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|05 May 2017|
Forth Valley Stronger Together
Dozens of people with learning disabilities carried the commonwealth baton in different parts of Scotland as the whole country joined in the build up.
But what will happen after the Commonwealth Games for other people with learning disabilities. We know some people with profound disabilities will be moving to stay in the Commonwealth Village. The new housing will be adapted to have the right equipment and layout to support some of our most vulnerable citizens.
But a long running sore in Glasgow concerning the Accord Centre still remains to be sorted. Despite an energetic campaign, the centre was demolished to build a car and coach park for the 4 week period of the games.
People who used the Accord moved temporarily to a local community centre and were promised that space would be created in the new Aquatic Centre after the games were finished.
The Scottish Government said they would put up £150,000 to make this happen. But now Glasgow City Council say they only agreed to provide enhanced disabled access to Tollcross, which they say has been achieved with the installation of changing facilities, height adjustable benches and electric hoists.
Council failed to consult properly over day centre closure by not asking specific about particular services due to close. It was not enough to imply that a new policy might mean some closures says the Court of Appeal
A county council failed to consult properly about the closure of a day centre, the Court of Appeal has ruled. The case of LH, R (on the application of) v Shropshire Council  EWCA Civ 404 centred on the closure of the Hartleys Day Centre in Shrewsbury. The claimant (LH) was a 63-year-old user of the centre who had a learning disability and had been assessed as having substantial care needs. Her sister acted as her litigation friend.
Shropshire had decided to close Hartleys after re-thinking the approach to day care in the county. This reconfiguration was partly a result of budgetary constraints and partly followed Government encouragement to give disabled people personalised budgets for spending in relation to their disability.
At issue was the extent of consultation required when a council reconfigures its day services and then decides to close a centre.
- The local authority argued that it had consulted generally about the new system it was bringing in and had made it clear that some day care centres would close.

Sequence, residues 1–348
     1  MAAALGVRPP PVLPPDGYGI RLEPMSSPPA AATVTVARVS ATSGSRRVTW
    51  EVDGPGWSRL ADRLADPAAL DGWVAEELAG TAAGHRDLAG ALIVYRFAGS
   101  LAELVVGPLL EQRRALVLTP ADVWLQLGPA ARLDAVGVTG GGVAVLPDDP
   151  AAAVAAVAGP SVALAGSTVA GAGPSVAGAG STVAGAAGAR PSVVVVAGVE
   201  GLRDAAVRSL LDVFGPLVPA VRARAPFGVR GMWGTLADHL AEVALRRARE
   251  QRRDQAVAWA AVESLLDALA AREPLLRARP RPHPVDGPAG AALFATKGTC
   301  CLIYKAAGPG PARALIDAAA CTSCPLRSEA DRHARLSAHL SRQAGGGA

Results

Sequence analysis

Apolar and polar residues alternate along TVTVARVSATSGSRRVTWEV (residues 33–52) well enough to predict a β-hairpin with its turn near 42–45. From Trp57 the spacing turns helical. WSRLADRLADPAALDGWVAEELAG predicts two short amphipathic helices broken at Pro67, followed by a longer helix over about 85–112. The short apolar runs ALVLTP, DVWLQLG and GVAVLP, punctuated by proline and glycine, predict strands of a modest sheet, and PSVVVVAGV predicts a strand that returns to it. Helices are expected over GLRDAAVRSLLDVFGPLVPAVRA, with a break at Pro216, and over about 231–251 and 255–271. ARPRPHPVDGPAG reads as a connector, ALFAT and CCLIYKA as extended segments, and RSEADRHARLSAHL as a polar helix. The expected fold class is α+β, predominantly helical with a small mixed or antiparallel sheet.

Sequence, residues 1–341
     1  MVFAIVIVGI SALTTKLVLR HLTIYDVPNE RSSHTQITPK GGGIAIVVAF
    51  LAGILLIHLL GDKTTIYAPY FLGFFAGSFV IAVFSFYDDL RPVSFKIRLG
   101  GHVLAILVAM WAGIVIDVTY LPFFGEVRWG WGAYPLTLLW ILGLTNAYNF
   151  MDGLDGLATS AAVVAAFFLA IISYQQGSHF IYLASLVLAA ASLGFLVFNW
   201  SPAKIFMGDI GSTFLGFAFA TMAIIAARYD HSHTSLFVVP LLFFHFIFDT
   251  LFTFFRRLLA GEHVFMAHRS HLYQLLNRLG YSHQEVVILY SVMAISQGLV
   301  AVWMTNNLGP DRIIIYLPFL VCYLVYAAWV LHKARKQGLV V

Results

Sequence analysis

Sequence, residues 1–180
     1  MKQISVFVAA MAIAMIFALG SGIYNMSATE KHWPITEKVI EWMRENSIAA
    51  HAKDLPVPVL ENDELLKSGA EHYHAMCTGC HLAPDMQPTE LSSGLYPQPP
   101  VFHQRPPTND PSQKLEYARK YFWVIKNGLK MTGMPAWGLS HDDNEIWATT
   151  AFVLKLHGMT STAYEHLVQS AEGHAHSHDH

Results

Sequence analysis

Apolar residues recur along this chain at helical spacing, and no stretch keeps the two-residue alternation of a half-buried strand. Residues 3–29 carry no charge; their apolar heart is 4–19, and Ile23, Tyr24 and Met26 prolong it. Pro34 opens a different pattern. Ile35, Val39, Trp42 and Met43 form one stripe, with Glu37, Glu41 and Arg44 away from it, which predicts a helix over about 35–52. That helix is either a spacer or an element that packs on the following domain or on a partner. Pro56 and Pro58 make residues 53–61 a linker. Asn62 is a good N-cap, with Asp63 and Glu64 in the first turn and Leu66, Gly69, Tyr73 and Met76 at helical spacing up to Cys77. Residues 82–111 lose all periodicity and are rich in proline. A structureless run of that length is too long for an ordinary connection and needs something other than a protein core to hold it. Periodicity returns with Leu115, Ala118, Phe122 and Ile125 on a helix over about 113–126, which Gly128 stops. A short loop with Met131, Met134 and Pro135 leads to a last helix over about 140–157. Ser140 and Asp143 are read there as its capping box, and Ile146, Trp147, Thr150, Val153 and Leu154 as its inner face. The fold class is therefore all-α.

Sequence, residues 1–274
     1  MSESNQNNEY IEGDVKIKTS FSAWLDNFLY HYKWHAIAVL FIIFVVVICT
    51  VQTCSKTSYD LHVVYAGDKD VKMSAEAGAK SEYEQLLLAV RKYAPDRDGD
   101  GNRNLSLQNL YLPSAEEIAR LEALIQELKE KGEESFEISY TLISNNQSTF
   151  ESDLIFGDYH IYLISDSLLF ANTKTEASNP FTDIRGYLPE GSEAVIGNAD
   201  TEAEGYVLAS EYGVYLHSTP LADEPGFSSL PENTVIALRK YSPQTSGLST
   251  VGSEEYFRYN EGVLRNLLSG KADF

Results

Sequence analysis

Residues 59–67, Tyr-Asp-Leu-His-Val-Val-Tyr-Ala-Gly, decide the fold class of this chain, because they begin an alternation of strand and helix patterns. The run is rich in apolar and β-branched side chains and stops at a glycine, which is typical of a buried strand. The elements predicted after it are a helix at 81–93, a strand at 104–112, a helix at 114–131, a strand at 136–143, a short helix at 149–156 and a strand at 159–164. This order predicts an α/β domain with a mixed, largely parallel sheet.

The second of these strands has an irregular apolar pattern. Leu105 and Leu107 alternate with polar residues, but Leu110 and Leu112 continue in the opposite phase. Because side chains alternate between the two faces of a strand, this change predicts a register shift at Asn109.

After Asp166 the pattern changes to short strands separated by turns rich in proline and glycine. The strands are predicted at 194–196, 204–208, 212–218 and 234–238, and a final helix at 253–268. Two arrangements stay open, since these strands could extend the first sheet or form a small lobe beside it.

- The claimant, however, argued that she and others should have been consulted in relation to the closure of Hartleys itself before it occurred. It was also alleged that there had been a failure to comply with the public sector equality duty contained in s. 149 of the Equality Act 2010.
On Tuesday 17th September the City of Edinburgh Council looked at the Employability and Skills Disability review. This is the report that originally put at jeopardy the future of the Engine Shed and raised the prospect of competitive tendering of supported employment in the city. It has been updated and you can read it here
The Learning Disability Alliance Scotland took a deputation along to put the case for the Engine Shed and the Real Jobs project. Sue McLernon explained what a difference the project had made to her daughter. Chris Johnstone, a trainee at the Engine Shed also was in the deputation. We made the points that while we have heard from Councillors and Council Staff over the summer that there had been no intention to shut the Engine Shed and the that the council wanted to work cooperatively over future developments, we were not sure that all the things that we have heard are reflected in the report.
Our deputation also spoke about how the Real Jobs Project service users had told us how they wanted to keep their service in place too. How they valued their choice but also how they had been turned down for Direct Payments when they applied.
Over 14,000 people signed petitions wanting to keep the Engine Shed, thousands emailing the council and hundreds visiting their councillors, none of these comments got into the report. You would have no idea that many people need other ways of getting support than the “place and train” model. Nor is the fact that despite its own strategy, the Scottish Government has just made its biggest investment in supported employment for ten years and it wasn’t in “place, train and support in ordinary jobs” but in the Project Search internship model.
Glasgow City Council is proposing to close three of the existing seven centres Berryknowes, Summerston, Hinshaw Street for people with learning disabilities.
The number of attendees would be reduced from a current 520 to 200.
Failures in the Council’s Case.
If there has been a failure to assess, how do the council know what current needs are.
One of the arguments used to justify closure of the centres is that current users have never been properly assessed. The report states:
1. Service users with a milder learning disability may be pushed out of all services.
2. Many community facilities do not have the resources to meet the needs of people with learning disabilities.
3. People with complex needs will have less opportunity for social interaction.
4. People with learning disabilities will face prejudice and stigma when they go out to access community-based facilities.
5. Black and Minority Ethnic service users will face low staff morale, transport, communication and language barriers including prejudice and stigma.
6. Older BME carers may not ask for help or access social work services.
7. Service users may not get the right gender of staff to give personal care.